The manifold heresies of Antipope Bergoglio are a proofset of his not being the Vicar of Christ, not the cause of it.
The reason that Bergoglio the Heretic is not the pope has nothing to do with his heresy. His heresy is simply a visible sign, really a gift, so that all with eyes to see can plainly observe that this man does not enjoy any of the supernatural protection afforded by the Petrine Promises, and he never did. This is because Pope Benedict’s resignation was invalid in several points of Canon Law, and so Benedict remains the Vicar of Christ, and has been since April 2005.
Bergoglio the Heretic leading the faithful into error and toward Perdition on matters of faith and morals is something IMPOSSIBLE for a true Vicar of Christ. And no, it’s not just about proclamations carrying the full weight of Papal Infallibility. Christ promised Peter, and thus his successors, that his faith would not fail, and that whatever he bound and loosed on earth would be bound and loosed in Heaven. Peter is the decider, and he can’t be wrong on matters of faith and morals. This is also an amazing gift, yet it could not have been any other way. If you don’t have a decider, you have chaos.
The true Vicar of Christ is the Standard of Unity to the One Holy Catholic Apostolic Church. The Standard of Unity cannot also be the vector of schism. A true Vicar of Christ cannot schism the Church from himself. Which is a really good reason we ought to cling to the true Vicar at all costs, to remain in the Barque.
So the folks who maintain that Bergoglio is definitely the one true Vicar of Christ, yet spend all day resisting him, taunting him, saying and writing the most awful disobedient things about him… those folks have a real problem on their hands. Worse still are those who recognize the danger to souls Bergoglio represents, yet remain silent, or think there is nothing they can do. Many of them cannot be bothered to investigate what the hell is going on here, even those whose job it is to do so.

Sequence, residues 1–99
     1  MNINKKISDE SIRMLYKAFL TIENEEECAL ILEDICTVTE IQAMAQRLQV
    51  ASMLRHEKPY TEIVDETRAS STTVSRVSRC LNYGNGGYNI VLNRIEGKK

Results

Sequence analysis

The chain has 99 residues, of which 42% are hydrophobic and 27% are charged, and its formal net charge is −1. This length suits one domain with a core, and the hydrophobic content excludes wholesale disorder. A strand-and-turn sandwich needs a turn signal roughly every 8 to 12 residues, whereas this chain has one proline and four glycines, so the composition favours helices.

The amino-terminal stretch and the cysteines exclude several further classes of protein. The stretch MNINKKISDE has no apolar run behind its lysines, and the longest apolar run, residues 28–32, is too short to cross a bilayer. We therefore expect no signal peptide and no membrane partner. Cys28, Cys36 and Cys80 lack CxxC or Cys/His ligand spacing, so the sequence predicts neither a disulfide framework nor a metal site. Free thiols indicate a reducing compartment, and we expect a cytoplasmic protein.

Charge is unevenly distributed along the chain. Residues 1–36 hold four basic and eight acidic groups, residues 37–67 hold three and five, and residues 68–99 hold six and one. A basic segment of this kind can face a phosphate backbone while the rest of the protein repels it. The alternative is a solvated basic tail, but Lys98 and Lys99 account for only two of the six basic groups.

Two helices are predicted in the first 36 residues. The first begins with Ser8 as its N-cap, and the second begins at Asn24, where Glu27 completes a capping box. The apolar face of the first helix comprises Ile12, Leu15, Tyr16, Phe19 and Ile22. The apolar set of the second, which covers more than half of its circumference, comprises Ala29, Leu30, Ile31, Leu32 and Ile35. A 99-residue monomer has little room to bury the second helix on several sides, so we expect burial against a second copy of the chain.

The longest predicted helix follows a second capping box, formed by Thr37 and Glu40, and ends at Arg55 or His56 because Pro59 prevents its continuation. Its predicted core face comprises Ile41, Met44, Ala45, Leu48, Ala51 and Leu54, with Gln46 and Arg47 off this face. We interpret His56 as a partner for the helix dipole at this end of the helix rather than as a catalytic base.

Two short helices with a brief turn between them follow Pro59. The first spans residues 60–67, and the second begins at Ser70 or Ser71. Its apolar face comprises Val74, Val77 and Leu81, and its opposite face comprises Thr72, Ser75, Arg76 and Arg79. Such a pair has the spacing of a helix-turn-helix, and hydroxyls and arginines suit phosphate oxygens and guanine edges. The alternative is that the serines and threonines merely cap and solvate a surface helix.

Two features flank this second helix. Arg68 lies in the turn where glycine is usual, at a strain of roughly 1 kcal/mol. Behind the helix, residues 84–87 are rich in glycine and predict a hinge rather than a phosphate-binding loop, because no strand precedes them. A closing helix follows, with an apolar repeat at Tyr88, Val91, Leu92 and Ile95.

There is a certain podcast dropping tomorrow, 11 February, Feast of Our Lady of Lourdes. It’s also the eighth anniversary of Pope Benedict not renouncing the Vicarship of Christ. These topics are covered at length therein. Be sure to tune in, I will mirror it here.
On resisting the teachings and even mere opinions of the true Vicar of Christ, here are a few notable true Vicars of Christ to explain it better than I can:
“As regards opinion, whatever the Roman Pontiffs have hitherto taught, or shall hereafter teach, must be held with a firm grasp of mind, and, so often as occasion requires, must be openly professed.”
—Pope Leo XIII, Immortale Dei, n. 41, 1885
“The Church is the pillar and foundation of truth — all of which truth is taught by the Holy Spirit. Should the church be able to order, yield to, or permit those things which tend toward the destruction of souls and the disgrace and detriment of the sacrament instituted by Christ?”
—Pope Gregory XVI, Quo Graviora, n. 10, 1833